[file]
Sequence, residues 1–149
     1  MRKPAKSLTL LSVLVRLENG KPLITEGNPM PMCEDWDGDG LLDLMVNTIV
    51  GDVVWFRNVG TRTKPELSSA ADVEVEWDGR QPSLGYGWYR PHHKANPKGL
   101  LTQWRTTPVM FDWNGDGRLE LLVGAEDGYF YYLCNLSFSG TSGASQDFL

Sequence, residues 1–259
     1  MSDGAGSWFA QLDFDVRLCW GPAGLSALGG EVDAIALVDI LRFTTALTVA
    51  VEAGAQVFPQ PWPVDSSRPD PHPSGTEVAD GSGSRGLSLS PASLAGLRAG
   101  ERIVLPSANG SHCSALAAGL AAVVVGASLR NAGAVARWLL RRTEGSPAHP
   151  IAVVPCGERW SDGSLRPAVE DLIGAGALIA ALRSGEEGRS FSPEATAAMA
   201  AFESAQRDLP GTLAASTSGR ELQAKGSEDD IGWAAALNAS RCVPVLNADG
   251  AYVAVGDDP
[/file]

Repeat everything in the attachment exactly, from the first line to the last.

Sequence, residues 1–149
     1  MRKPAKSLTL LSVLVRLENG KPLITEGNPM PMCEDWDGDG LLDLMVNTIV
    51  GDVVWFRNVG TRTKPELSSA ADVEVEWDGR QPSLGYGWYR PHHKANPKGL
   101  LTQWRTTPVM FDWNGDGRLE LLVGAEDGYF YYLCNLSFSG TSGASQDFL

Sequence, residues 1–259
     1  MSDGAGSWFA QLDFDVRLCW GPAGLSALGG EVDAIALVDI LRFTTALTVA
    51  VEAGAQVFPQ PWPVDSSRPD PHPSGTEVAD GSGSRGLSLS PASLAGLRAG
   101  ERIVLPSANG SHCSALAAGL AAVVVGASLR NAGAVARWLL RRTEGSPAHP
   151  IAVVPCGERW SDGSLRPAVE DLIGAGALIA ALRSGEEGRS FSPEATAAMA
   201  AFESAQRDLP GTLAASTSGR ELQAKGSEDD IGWAAALNAS RCVPVLNADG
   251  AYVAVGDDP